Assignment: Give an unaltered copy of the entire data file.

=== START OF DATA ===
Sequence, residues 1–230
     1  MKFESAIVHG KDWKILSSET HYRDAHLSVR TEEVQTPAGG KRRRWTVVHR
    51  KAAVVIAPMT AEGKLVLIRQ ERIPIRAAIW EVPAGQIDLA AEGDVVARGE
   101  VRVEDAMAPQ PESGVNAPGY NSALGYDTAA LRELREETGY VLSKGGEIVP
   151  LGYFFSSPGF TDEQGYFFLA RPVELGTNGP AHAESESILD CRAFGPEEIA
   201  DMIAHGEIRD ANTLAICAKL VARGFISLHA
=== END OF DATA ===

Sequence, residues 1–230
     1  MKFESAIVHG KDWKILSSET HYRDAHLSVR TEEVQTPAGG KRRRWTVVHR
    51  KAAVVIAPMT AEGKLVLIRQ ERIPIRAAIW EVPAGQIDLA AEGDVVARGE
   101  VRVEDAMAPQ PESGVNAPGY NSALGYDTAA LRELREETGY VLSKGGEIVP
   151  LGYFFSSPGF TDEQGYFFLA RPVELGTNGP AHAESESILD CRAFGPEEIA
   201  DMIAHGEIRD ANTLAICAKL VARGFISLHA